Center for Perceptual Systems Seminar Series
Mon, October 1, 2012 • 12:00 PM - 1:00 AM • SEA 4.244
"The Processing of Binaural Information in the Auditory System: Some Surprises Revealed by In-Vivo Whole Cell Recordings "
George D. Pollak, Ph.D. Section of Neurobiology, Center for Perceptual Systems and Institute for Neuroscience The University of Texas at Austin
Bag Lunch Talk
Find information about current and upcoming talks at CPS on our website: http://www.utexas.edu/cola/centers/cps/events/upcoming.php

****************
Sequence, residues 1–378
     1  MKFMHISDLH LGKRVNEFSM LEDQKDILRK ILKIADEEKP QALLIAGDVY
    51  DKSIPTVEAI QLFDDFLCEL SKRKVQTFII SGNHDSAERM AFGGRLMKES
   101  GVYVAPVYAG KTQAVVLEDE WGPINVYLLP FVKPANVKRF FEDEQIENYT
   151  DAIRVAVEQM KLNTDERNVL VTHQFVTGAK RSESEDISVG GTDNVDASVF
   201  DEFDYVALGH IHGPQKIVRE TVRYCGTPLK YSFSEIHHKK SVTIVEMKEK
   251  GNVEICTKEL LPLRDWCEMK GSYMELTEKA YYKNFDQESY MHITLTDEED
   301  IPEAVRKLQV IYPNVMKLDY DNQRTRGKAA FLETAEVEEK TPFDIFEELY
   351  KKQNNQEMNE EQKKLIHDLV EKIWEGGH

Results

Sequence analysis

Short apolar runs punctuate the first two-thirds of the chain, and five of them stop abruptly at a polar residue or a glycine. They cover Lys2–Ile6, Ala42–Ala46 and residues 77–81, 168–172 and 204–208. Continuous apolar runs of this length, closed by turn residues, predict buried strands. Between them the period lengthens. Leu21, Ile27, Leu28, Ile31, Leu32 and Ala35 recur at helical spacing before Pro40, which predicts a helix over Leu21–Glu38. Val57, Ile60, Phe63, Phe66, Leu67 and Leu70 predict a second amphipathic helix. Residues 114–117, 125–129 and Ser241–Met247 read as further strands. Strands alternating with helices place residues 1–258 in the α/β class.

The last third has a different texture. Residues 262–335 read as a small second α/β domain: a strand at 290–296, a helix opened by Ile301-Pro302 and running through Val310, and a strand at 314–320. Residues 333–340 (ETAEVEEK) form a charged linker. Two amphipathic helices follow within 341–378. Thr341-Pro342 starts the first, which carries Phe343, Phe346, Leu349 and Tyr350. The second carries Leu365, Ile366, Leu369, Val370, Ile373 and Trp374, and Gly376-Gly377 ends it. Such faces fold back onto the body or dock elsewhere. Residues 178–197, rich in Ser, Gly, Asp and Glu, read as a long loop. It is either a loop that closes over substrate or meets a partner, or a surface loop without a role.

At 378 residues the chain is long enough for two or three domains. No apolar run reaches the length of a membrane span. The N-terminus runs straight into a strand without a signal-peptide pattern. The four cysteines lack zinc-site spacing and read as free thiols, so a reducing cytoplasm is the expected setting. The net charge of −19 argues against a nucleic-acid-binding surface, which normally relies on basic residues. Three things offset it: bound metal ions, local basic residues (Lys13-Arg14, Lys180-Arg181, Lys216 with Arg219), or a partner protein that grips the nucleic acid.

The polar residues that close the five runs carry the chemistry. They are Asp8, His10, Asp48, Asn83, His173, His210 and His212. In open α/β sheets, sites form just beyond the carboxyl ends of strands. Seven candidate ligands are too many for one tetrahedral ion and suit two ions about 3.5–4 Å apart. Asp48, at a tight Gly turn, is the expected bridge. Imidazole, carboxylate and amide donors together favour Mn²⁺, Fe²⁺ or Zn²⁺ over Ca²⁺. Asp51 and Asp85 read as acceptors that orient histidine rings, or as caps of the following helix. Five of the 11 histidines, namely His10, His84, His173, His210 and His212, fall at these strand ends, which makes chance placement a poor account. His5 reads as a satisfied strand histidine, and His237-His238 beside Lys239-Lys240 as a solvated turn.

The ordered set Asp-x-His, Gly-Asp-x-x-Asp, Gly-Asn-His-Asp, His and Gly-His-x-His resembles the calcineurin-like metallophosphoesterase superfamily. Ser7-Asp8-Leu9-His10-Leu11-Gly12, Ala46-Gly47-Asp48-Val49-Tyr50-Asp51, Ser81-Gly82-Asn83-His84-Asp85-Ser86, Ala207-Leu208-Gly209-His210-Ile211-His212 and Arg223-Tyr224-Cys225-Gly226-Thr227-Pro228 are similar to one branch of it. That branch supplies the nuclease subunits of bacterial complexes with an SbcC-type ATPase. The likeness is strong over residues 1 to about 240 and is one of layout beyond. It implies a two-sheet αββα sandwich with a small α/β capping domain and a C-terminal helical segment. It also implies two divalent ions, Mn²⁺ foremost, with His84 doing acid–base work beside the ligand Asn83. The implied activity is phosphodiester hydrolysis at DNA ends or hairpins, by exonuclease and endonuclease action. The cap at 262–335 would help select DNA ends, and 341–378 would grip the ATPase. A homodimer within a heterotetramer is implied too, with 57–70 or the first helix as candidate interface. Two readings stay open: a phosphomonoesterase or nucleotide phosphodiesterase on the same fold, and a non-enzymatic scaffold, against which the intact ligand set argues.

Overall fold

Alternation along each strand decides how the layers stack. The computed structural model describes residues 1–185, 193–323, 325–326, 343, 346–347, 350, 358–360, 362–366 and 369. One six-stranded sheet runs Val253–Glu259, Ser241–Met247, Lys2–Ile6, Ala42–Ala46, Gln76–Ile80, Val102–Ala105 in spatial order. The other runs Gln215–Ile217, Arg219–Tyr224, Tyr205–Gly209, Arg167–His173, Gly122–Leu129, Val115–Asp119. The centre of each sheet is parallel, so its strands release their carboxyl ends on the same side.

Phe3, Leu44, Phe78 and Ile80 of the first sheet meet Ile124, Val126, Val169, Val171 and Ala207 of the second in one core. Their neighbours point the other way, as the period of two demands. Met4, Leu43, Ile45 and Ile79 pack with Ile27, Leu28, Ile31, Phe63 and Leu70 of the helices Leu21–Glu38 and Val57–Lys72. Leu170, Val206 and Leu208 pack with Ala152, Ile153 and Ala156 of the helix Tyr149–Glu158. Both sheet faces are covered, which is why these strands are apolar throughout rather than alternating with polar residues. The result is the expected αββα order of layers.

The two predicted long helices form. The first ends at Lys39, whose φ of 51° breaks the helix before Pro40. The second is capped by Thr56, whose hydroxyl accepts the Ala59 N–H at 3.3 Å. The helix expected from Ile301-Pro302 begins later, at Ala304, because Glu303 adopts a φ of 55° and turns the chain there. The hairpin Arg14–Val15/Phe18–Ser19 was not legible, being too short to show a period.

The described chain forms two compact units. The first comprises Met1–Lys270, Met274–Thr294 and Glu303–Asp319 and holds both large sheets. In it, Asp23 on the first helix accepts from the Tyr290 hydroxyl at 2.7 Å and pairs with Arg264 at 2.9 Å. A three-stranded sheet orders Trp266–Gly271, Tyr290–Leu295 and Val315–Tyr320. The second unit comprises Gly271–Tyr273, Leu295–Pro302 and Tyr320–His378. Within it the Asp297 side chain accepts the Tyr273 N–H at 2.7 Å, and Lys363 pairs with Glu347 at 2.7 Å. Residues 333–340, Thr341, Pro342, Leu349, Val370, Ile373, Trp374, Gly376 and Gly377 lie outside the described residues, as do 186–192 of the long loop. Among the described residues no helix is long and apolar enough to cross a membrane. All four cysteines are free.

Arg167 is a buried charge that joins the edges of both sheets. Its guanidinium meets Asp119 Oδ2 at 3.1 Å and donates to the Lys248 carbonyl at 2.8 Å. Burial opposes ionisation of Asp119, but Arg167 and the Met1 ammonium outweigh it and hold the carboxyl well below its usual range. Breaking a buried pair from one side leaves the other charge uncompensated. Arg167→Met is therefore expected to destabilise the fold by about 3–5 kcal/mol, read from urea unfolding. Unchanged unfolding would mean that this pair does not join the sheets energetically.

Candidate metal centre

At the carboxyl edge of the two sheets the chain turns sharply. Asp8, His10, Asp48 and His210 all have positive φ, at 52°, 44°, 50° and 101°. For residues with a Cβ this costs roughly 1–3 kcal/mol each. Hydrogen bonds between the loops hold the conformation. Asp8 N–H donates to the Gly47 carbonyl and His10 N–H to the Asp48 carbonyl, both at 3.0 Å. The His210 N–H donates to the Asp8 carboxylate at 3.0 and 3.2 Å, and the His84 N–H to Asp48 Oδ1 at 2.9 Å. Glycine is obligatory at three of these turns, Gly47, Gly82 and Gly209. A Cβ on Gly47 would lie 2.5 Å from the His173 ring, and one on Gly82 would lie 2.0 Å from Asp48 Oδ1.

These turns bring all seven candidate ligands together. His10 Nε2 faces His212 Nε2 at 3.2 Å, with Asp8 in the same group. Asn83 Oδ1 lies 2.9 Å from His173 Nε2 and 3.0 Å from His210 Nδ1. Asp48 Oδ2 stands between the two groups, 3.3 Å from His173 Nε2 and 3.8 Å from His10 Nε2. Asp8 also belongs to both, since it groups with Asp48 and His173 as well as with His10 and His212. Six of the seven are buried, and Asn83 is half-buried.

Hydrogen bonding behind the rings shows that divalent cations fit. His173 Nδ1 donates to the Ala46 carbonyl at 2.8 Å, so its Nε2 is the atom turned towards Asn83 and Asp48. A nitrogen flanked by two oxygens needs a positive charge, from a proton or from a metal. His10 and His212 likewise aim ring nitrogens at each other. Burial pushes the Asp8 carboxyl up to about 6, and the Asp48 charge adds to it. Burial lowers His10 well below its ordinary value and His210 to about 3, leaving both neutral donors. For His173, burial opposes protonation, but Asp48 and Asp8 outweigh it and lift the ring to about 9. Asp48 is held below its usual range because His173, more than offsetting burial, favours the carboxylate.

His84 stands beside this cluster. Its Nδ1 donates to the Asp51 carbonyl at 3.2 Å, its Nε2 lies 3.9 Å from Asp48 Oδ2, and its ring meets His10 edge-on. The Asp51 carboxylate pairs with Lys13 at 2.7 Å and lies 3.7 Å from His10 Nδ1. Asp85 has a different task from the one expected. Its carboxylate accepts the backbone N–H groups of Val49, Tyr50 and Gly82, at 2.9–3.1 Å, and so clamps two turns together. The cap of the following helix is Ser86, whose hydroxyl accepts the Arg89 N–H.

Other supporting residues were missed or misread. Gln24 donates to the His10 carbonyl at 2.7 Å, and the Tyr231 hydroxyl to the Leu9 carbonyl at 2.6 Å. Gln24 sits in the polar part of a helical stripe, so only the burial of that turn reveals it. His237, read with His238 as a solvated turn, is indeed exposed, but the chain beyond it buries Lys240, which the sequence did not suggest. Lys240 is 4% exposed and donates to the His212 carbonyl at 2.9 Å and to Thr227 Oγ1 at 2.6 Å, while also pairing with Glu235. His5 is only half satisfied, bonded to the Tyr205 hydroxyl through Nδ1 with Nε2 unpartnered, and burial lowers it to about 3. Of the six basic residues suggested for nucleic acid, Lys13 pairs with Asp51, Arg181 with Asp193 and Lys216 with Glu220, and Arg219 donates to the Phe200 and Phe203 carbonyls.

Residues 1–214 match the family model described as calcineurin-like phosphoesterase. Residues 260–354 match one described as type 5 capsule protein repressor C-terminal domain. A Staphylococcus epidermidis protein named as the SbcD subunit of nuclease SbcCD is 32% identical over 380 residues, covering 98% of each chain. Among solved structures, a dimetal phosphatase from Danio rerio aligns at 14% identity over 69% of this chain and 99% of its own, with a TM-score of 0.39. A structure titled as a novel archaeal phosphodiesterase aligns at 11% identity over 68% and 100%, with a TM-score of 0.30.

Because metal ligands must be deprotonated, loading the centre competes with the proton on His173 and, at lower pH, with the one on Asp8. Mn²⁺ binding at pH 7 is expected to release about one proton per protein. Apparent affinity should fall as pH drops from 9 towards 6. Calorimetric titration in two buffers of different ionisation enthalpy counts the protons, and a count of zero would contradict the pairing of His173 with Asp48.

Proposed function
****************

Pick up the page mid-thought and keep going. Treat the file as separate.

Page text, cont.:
Abstract: My research is concerned with the processing of acoustic signals in the auditory system and the circuits, both excitatory and inhibitory, that we deduce from the patterns of EPSPs and IPSPs evoked by monaural and binaural stimuli that we record in vivo with whole cell recordings in awake animals. What we focus on it how the circuits shape and create functionally relevant response properties in the auditory midbrain, the inferior colliculus. Specifically, the studies that I will describe are concerned with the coding of interaural intensity disparities (IIDs), the cues animals use to localize high frequency sounds. I will discuss how IIDs are initially processed in the lateral superior olive, the second synaptic station in the auditory system, and the pathways by which the information in the lateral superior olive is distributed to higher order nuclei, all of which ultimately converge in the inferior colliculus. By determining the spikes, post-synaptic potentials and conductances that generate both the responses evoked by sound presented to each ear and by sound presented binaurally. I will show that there are several types of neurons in the inferior colliculus processes IIDs, each distinguished by the complement of inputs it receives from lower auditory centers. I will then show how the inputs operate cooperatively to generate the particular response property expressed by each type. Finally, I will show how the inputs to these cells could encode not only the IID generated by a single sound in space, but also how they could derive selective response properties for sounds moving in space or for multiple sounds that occur in more complex acoustic environments.